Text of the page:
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Bolognese Pasta Bake

When I first moved to Italy in 1987, I lived in Bologna in an apartment on via delle Belle Arti, right in the middle of the university, with two Italian and two German girls. Corinna was from Berlin and very tall, she always wore heels and walked very fast, with strides twice as long as mine. I had to run-walk to keep up with her as we explored the city together.

I noticed that the refrigerator in our apartment was very small, soon to find out that Italians shop every day and cook whatever looks good at that moment. The neighborhood veggie guy, fishmonger, or cheese vendor loved to share their recipes, and it didn’t take me long to become fascinated with the neighborhood food culture.

Sometimes on the weekend, we would drive just outside of the city and take a right up a very steep country road. At the top of the hill in a very old house lived three sisters who had ran a small restaurant out of their kitchen. It was very rustic, and the menu consisted of typical Bolognese fare like tagliatelle al ragù and lasagna Bolognese. When you arrived, they sat you down at an old table, while around you they rolled out sheets of fresh egg pasta by hand with a very long rolling-pin. They had a pot of meat sauce on the stove bubbling away, creating an aroma that made your mouth water. I was shocked the first time I saw one of the sisters pour a liter of whole milk into the meat sauce a few minutes before turning off the stove. She said in Bologna they add milk to Bolognese to “cut the fat”.

I had never heard of besciamella, but if this sauce that was the essential ingredient in lasagna, as well as my favorite dish Maccheroni Pasticciati – I had to learn how to make it. Although I am more of a Mediterranean diet type, I do make these dishes a few times a year, especially during the holidays. The process reminds me why these dishes have become classics -they are simple, yet extraordinarily delicious. At my cooking classes, the authentic Italian recipes, like this one, are always everyone’s favorite. Once you smell the dish coming together, you will understand why traditional Italian food is so iconic.

Bolognese Pasta Bake (Maccheroni Pasticciati)

Serves 8

While this recipe is a bit of work, you can make and assemble the dish a day in advance and refrigerate overnight. Bake it just before guests arrive – the aroma is sure to create excitement. It turns out perfectly with both einkorn and gluten free pasta, and slices up into neat portions that are easy to serve.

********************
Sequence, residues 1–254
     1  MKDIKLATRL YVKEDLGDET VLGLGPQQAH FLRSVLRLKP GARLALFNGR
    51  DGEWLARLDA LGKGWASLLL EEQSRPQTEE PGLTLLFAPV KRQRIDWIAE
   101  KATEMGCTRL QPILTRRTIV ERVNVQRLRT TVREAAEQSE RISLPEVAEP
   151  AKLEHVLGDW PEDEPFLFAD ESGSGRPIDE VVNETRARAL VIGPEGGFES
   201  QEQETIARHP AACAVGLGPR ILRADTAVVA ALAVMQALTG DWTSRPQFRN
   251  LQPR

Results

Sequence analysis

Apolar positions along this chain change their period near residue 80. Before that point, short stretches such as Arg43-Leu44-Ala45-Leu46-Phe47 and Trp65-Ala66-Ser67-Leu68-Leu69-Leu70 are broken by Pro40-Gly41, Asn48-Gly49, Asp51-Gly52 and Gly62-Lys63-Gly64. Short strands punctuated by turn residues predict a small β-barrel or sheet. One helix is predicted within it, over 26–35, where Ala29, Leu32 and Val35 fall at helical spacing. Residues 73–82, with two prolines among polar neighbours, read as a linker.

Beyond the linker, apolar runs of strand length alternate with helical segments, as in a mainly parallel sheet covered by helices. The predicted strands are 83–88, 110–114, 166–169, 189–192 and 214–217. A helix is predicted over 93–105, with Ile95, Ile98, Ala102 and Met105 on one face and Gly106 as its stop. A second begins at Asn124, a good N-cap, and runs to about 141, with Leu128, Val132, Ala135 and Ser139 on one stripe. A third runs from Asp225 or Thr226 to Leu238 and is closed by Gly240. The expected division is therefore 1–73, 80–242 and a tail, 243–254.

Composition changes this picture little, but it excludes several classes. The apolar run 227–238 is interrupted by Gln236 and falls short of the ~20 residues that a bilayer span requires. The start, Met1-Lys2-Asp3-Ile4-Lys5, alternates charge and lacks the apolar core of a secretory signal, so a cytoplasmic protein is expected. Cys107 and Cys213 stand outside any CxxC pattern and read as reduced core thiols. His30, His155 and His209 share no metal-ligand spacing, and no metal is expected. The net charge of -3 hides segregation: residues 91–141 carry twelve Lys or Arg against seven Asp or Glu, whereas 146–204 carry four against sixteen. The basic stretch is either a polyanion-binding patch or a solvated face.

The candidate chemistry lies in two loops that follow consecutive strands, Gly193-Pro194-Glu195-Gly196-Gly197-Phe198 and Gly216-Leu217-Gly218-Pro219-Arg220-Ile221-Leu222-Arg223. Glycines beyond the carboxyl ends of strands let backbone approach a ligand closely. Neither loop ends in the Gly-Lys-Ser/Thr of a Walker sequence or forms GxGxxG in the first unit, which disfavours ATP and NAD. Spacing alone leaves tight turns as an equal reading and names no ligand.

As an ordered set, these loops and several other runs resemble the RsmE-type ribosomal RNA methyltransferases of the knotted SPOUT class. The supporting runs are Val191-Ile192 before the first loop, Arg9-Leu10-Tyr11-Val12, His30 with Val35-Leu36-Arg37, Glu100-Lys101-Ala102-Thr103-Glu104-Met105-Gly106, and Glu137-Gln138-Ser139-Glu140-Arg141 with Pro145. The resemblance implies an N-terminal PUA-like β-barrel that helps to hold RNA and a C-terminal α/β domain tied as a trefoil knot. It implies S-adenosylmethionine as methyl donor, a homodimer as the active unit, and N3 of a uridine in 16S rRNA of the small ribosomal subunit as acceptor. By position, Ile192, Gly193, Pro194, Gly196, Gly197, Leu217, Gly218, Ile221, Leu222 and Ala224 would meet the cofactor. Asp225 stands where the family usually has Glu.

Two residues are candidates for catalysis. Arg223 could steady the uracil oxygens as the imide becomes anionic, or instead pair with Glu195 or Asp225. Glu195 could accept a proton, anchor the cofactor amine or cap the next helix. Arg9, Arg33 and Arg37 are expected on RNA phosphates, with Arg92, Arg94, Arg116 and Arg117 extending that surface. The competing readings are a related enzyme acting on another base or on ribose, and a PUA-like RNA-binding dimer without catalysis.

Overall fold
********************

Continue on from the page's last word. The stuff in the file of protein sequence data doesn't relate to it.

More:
1. Make the sauce: In a very large skillet, cook olive oil, onion, and garlic on medium-low heat for 3 minutes, stirring occasionally. Add carrots and celery and 1 teaspoon of salt and cook for 3 minutes.
  2. Add in beef and sausage, breaking up in small pieces and stirring occasionally. Cook until the meat begins to brown and stick to the pan.
  3. Turn up the heat to medium. Add the wine and cook for 1 minute.
  4. Add the tomatoes and 1 teaspoon of salt. When the sauce beings to boil, lower the heat and cover, simmering for 30 minutes. Set aside.
  5. Make the bechamel cream: In a medium saucepan, melt the butter on low heat, then whisk in the flour until smooth and creamy.
  6. With a wooden spoon, stir the mixture in one direction while pouring in ½ cup of milk, at a time. When the milk is absorbed by the flour mixture, add more. At first, you will add milk quickly but then the mixture will need more time to thicken before you add more. Once the sauce is thick and smooth, mix it into the Bolognese sauce.
  7. Cook pasta for 2 minutes less than the cooking time indicated on the package. Drain. Mix into the tomato cream sauce. Mix in ¾ cup of the grated Parmigiano.
  8. Butter a 9 x 13-inch baking dish. Transfer the pasta to the dish and top with the remaining ¼ cup Parmigiano.
  9. You can either let the dish cool, cover with plastic wrap and refrigerate for up to 24 hours, or bake it immediately.
  10. Preheat the oven to 350°F. Bake the pasta uncovered for 35 to 40 minutes, or until the pasta begins to brown on top. Let rest for 15 minutes before serving. 

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